In Our Time – The Anatomy of Melancholy

May 13, 2011

Melvyn Bragg and his guests discuss Robert Burton’s masterpiece The Anatomy of Melancholy.

In 1621 the priest and scholar Robert Burton published a book quite unlike any other. The Anatomy of Melancholy brings together almost two thousand years of scholarship, from Ancient Greek philosophy to seventeenth-century medicine. Melancholy, a condition believed to be caused by an imbalance of the body’s four humours, was characterised by despondency, depression and inactivity. Burton himself suffered from it, and resolved to compile an authoritative work of scholarship on the malady, drawing on all relevant sources.

Despite its subject matter the Anatomy is an entertaining work, described by Samuel Johnson as the only book ‘that ever took him out of bed two hours sooner than he wished to rise.’ It also offers a fascinating insight into seventeenth-century medical theory, and influenced many generations of playwrights and poets.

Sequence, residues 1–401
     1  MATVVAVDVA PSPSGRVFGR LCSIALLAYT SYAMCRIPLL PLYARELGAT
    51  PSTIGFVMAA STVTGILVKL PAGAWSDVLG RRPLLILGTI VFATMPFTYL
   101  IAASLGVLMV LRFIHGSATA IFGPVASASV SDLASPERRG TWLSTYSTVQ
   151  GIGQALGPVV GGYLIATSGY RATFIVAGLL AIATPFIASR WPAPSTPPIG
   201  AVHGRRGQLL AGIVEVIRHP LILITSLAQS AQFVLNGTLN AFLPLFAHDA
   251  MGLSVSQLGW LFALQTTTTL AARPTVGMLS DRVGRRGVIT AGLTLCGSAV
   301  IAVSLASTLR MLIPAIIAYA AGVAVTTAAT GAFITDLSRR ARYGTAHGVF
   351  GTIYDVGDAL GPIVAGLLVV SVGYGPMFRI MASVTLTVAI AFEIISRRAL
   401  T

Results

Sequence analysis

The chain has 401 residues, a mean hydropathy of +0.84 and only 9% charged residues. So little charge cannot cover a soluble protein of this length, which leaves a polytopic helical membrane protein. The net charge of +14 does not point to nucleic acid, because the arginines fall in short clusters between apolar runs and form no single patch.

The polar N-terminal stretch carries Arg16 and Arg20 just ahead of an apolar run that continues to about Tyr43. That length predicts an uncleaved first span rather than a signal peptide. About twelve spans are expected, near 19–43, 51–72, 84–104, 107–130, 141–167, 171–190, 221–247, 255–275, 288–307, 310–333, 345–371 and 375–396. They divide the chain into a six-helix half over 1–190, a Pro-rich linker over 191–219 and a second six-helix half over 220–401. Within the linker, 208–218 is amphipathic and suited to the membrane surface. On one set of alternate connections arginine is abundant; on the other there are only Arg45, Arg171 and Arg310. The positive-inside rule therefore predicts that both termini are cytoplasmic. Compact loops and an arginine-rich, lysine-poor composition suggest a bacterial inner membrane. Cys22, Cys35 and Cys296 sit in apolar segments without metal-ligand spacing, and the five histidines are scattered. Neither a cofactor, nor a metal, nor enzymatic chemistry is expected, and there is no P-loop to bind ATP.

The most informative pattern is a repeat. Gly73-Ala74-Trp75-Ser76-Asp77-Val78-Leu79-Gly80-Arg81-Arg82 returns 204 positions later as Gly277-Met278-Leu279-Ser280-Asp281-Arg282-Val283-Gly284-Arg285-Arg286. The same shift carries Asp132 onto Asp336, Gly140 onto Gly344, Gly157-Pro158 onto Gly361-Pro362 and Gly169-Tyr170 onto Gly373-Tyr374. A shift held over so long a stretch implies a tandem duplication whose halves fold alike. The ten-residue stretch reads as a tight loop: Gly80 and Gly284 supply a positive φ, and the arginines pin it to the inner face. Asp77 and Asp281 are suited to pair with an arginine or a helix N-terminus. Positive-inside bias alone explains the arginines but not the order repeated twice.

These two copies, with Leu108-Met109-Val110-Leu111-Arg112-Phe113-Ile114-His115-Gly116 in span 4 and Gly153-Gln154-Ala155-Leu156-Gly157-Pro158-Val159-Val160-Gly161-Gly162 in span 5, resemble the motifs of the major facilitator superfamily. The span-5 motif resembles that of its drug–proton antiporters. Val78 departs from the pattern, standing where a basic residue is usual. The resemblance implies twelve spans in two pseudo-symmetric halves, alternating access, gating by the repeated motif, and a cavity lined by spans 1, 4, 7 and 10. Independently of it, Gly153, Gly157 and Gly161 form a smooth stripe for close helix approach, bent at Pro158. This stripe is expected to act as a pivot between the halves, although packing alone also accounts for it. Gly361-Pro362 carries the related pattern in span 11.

Julie Sanders Professor of English Literature and Drama at the University of Nottingham

Mary Ann Lund Lecturer in English at the University of Leicester

Erin Sullivan Lecturer and Fellow at the Shakespeare Institute at the University of Birmingham.

Producer: Thomas Morris.

LISTEN HERE on iPlayer



  1. Bragg asks why Burton doesn’t quote from Jaques in As You Like It; a simple reason is that Burton’s book came out in 1621, but AYLI wasn’t published until the Shakespeare Folio in 1623, so unless Burton had seen it performed or read a quotation in a common place book, he wouldn’t have come across the play.

  2. I’m not sure that entirely explains the omission: 1621 was only the first of many editions. Burton kept adding to it for another twenty years as he came across new sources, and the work had doubled in length by the time of his death. I would say that a more likely explanation was that Burton simply wasn’t very interested in Shakespeare. As far as I’m aware he didn’t own copies of any of the plays; his personal library contained some of the poetry but nothing more. I seem to remember there being a dismissive comment from Burton somewhere about Shakespeare’s plays being antiquated, but I’d have to look that up.

    • Interesting thanks. Burton certainly refers to R&J. But, I’ll have to have a look myself.

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